Stock's 500% Surge Hasn't Changed This Bear's MindBloomberg News
Stock valuation built on uninspiring retail trend: Robin Zhu
Owner of Volvo cars among world’s best auto stocks this year
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It takes a strong stomach to be bearish on Geely Automobile Holdings Ltd.
Just ask Robin Zhu. The Hong Kong-based Sanford C. Bernstein & Co. analyst has advised investors to avoid Geely since August 2015, a span where the share price has soared more than 500 percent. The owner of Volvo cars is the world’s best-performing auto stock this year and one of the most highly valued, trading at 28 times profit. Among more than 30 analysts tracked by Bloomberg, Janet Lewis at Macquarie Group Ltd. has the only other “underperform” rating.
Bulls say that billionaire Li Shufu, who controls Geely, will succeed in grabbing market share in China for his new upscale brand Lynk & Co., while using its investment in Malaysia’s Proton Holdings Bhd. to expand in Southeast Asia. Still, Bernstein’s Zhu isn’t backing down: he reiterated a 12-month target price of HK$7.50 on Thursday, implying a 60 percent stock decline from Monday’s close. That’s the steepest downside for a forecast made by any other analysts within the past three months for a company on the Hang Seng Index. Geely didn’t immediately respond to requests for comment.
“In light of uninspiring retail trends year-to-date in the Geely brand, issues we foresee with Lynk and export economics, and the company’s ambitious valuation, we continue to rate Geely underperform," Zhu wrote in a report Thursday.
Geely’s current share price has already factored in success of the Lynk brand and hopes that it is a Chinese industry champion that could go global, just like technology giant Huawei Technologies Co., according to Zhu. Such expectations could be difficult to realize since it would be costly for Lynk to expand abroad and because car pricing in most global auto markets are lower than in China, he said.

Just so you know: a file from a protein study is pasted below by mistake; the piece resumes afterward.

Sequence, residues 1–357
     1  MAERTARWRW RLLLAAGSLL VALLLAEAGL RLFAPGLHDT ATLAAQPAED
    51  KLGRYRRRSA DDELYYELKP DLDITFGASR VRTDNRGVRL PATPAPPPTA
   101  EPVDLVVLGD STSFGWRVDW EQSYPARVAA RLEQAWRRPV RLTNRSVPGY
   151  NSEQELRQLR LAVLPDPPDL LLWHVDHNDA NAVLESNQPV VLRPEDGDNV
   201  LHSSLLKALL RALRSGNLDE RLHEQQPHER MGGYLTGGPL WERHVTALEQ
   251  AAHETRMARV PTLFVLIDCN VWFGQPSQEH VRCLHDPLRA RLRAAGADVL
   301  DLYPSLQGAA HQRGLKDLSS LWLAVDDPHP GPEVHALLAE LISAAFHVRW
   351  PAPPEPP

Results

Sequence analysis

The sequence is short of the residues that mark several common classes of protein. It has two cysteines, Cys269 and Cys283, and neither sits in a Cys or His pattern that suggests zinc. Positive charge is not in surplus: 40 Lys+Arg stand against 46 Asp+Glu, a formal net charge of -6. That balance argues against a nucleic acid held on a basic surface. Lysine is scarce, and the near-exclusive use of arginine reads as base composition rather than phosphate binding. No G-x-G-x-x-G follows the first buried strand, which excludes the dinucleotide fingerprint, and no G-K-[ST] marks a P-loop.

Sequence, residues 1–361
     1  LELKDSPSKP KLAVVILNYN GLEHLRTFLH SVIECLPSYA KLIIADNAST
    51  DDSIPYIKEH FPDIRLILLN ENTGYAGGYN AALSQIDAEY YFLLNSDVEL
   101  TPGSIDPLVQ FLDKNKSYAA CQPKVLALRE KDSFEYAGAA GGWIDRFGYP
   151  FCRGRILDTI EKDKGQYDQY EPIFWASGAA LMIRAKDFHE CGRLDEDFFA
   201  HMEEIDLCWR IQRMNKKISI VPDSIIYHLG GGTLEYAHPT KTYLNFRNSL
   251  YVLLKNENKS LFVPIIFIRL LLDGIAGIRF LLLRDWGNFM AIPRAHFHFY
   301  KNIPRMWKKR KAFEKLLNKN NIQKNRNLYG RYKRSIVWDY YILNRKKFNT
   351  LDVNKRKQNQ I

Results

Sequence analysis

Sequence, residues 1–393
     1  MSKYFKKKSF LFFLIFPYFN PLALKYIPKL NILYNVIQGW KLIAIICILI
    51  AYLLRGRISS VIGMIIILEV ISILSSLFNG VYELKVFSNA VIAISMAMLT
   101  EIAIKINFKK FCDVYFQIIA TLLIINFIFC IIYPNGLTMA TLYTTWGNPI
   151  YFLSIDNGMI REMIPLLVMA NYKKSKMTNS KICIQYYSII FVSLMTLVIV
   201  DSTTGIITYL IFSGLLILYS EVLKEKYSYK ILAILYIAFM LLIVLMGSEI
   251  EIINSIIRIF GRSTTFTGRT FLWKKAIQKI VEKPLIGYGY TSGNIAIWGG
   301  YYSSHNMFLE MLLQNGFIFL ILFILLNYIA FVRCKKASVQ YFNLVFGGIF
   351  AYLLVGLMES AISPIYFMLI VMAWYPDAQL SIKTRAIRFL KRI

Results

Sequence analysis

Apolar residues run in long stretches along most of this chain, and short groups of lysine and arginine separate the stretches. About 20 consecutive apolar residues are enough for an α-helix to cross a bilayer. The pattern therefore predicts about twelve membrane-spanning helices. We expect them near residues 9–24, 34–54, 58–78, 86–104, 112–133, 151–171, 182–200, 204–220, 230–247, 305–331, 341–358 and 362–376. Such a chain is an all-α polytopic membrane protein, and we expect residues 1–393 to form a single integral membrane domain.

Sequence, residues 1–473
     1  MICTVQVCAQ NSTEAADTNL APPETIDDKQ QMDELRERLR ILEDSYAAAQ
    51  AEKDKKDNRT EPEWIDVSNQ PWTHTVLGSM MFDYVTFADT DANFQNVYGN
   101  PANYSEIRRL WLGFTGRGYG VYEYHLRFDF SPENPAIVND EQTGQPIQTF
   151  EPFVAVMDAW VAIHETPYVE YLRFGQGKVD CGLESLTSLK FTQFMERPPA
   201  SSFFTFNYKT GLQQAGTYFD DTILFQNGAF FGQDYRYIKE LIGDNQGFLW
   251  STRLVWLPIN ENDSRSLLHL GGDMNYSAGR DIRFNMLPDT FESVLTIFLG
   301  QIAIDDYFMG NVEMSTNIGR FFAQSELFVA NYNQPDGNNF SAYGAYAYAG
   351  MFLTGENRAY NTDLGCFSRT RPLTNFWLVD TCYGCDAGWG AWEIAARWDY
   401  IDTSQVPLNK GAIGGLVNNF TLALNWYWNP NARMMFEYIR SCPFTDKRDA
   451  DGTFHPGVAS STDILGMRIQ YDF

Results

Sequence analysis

A correction could be underway in the coming months or the first half of next year, when the auto maker’s sales growth starts to look “less impressive,” Zhu told Bloomberg by email on Thursday. That’s a view shared by Macquarie’s Lewis, whose target price of HK$8.30 reiterated on July 20 suggests a 55 percent decline from Monday’s close. Geely dropped as much as 2.7 percent before closing up 5.9 percent to HK$18.62 on Monday.
Geely’s reliance on parent Zhejiang Geely Holding Group Co. and government subsidies are other causes of concern, Lewis said. State grants and subsidies have accounted for an average 38 percent of annual net income in the past five years, Bloomberg calculations show.
The auto maker currently doesn’t pay any research and development expenses for the platform that the parent company and Volvo built to produce cars, Zhu said, adding that the management hasn’t revealed how the costs will be shared. Geely intends to rely on the platform over the coming years for new vehicles, including the first sport utility vehicle model under the Lynk brand, according to its latest annual report.
Shares of the auto maker more than doubled this year and reached a 23-year high to become the best performer on the benchmark Hang Seng Index, before paring the advance. Geely is among the most expensive auto stocks globally, second only to Ferrari NV’s 35 times reported earnings. Yet bulls are betting more upside can be expected because of the company’s product pipeline, including the Lynk & Co. 01, an SUV.
Angus Chan, a Hong Kong-based analyst with Bocom International Holdings Co., boosted his target price for Geely by 34 percent to HK$22.15 last month after an earlier target was reached.
“I’m not worried about a share decline,” said Chan. “There’s nothing negative at the moment to drag on the stock, and further gains won’t be a problem as the Lynk brand will be a success.”
Macquarie’s Lewis advises investors to take into account the promotion costs and compensation Geely must give dealerships in the early days before they can make money, rather than just focusing on top line sales.
“Historically any auto maker launching a new brand faces very heavy costs,” said Lewis. “Our view is that you have to consider the profits as we are looking ahead for the launch of Lynk & Co.”
— With assistance by Amanda Wang, and Jeanny Yu